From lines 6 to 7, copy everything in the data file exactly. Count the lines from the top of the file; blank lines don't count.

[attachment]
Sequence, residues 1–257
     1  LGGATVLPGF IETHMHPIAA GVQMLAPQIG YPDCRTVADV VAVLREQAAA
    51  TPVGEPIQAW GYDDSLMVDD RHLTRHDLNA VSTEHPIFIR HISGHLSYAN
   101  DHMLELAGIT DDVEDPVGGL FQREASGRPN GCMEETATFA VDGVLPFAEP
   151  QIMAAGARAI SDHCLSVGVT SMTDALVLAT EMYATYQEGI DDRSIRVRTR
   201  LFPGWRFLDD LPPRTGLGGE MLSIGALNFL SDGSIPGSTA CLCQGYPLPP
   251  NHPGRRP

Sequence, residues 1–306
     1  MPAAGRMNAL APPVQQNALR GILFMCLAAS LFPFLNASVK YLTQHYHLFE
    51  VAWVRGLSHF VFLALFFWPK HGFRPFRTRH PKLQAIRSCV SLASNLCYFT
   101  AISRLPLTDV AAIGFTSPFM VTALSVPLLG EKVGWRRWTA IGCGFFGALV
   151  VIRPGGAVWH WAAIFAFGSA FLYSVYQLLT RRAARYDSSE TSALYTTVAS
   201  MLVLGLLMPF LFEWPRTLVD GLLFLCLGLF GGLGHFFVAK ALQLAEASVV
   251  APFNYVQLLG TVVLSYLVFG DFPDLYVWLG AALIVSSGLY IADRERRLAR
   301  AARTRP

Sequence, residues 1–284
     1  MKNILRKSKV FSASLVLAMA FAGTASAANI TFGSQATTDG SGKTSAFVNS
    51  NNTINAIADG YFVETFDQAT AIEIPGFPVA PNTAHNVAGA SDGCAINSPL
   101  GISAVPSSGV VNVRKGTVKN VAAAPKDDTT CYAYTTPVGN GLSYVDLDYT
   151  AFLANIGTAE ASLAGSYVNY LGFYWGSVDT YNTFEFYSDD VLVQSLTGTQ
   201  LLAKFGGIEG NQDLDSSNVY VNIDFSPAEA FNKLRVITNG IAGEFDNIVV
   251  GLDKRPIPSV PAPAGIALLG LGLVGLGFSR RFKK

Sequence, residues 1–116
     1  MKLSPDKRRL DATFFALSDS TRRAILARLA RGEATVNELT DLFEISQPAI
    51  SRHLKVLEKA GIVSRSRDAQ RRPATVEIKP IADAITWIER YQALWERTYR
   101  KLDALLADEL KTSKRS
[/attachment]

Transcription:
   201  LFPGWRFLDD LPPRTGLGGE MLSIGALNFL SDGSIPGSTA CLCQGYPLPP
   251  NHPGRRP